FAIRFIELD — Arthur Stern started his career in an architect’s office. When he didn’t see young designers like him getting the jobs they desired, he went back to school and shifted gears.
“I became more interested in art than in buildings,” Stern said.
The Arthur Stern Studio is one of more than 70 studios participating in Arts Benicia Open Studios, May 3-4.
Stern has done extensive research on Frank Lloyd Wright. His studio has restored or replicated windows by Wright.
Wright’s original blueprints for the Storrer House in Hollywood included windows with leaded-glass detailing. Cost overruns prohibited them from being installed when it was built, Stern said.
Stern worked with Eric Lloyd Wright, grandson of Frank Lloyd Wright, and the home’s current owner to finish the 92 windows.
Wright’s work serves as a departure point for his own work, Stern said.
One of his most recent Public Art Projects was six 10-foot by 6-foot windows for the Cary, N.C., Fire Station No. 8.
He used the tools of the fire department in his designs, employing abstracted brown ladders, white hoses and gold nozzles against a water-glass background.
Another window design was inspired a visit with where the flag was flying at half-staff in honor of a public official who had died. The image was too good to pass up, Stern said.
One of his current projects has a local connection. He’s designed architectural glass that will be installed in the Clay Bank Jail’s family area. The theme is the changing seasons, represented by leaves. The 17 panels of beveled glass should be installed in May.
Stern is also working on laminated glass panels for San Francisco General Hospital. He drew inspiration from the city’s multicultural residents, as well as the streets, hills, skyline and buildings.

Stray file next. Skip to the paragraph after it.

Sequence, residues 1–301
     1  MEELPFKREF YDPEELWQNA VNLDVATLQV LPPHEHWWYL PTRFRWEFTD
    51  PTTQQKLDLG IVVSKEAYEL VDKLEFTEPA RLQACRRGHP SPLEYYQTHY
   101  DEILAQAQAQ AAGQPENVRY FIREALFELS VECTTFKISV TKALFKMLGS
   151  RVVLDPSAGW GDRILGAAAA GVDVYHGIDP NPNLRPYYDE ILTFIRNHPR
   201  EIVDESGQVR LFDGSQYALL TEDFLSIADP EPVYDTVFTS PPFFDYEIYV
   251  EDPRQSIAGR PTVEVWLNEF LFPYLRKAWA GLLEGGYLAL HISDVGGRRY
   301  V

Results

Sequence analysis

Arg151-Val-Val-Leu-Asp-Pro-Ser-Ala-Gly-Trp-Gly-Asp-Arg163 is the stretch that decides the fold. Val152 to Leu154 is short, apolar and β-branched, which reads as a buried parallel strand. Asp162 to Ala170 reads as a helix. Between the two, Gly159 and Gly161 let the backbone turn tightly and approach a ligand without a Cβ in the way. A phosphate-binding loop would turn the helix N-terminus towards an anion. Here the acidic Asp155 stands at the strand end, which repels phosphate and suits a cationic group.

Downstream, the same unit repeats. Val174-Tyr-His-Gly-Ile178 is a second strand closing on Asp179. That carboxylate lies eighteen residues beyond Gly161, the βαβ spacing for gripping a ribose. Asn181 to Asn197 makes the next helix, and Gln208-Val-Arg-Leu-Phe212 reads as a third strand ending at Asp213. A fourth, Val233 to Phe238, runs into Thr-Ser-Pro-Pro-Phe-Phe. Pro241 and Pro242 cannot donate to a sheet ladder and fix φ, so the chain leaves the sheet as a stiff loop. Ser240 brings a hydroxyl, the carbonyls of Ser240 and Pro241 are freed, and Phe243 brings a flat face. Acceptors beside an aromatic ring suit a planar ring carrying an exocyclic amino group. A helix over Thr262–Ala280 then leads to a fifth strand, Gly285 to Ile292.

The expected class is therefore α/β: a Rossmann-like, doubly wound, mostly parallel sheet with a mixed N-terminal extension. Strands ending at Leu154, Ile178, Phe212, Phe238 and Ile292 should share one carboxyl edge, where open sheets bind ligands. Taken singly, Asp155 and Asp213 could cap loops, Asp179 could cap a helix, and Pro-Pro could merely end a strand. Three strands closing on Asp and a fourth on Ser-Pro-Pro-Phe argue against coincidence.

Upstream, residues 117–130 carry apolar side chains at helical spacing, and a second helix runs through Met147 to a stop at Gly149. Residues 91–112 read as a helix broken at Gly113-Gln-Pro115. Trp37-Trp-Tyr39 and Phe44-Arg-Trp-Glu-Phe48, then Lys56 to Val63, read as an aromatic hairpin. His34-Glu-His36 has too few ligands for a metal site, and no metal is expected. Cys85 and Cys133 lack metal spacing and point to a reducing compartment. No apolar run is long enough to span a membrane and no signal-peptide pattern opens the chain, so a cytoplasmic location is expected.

He would like to do architectural glass for an airport.
Open studios offer him the opportunity to try new things as well as clean up his studio, which once housed tank shells.
He has a new painting to showcase.
“It’s like a deadline,” Stern said of Open Studios. “Like going to college and getting that project in by the end of the semester.”
Stern has been in the same studio for 20 years and hasn’t missed an Open Studios.
“Anytime you have thousands of people coming through your studio, it’s a great thing,” he said. “Some artists are a little shy. I enjoy it. It’s a chance for friends to see what you have created this year.”
He would love to see more people visit the vibrant arts community located in the historic arsenal. Most of the participating studios are within walking distance, Stern said.
Now, if he could only figure out a way to get a quarter from every person who comes to Open Studios and tells him how beautiful his work is.
“I could get a fine dinner that night,” he said.
Reach Amy Maginnis-Honey at 427-6957 or firstname.lastname@example.org. Follow her on Twitter at www.twitter.com/amaginnisdr.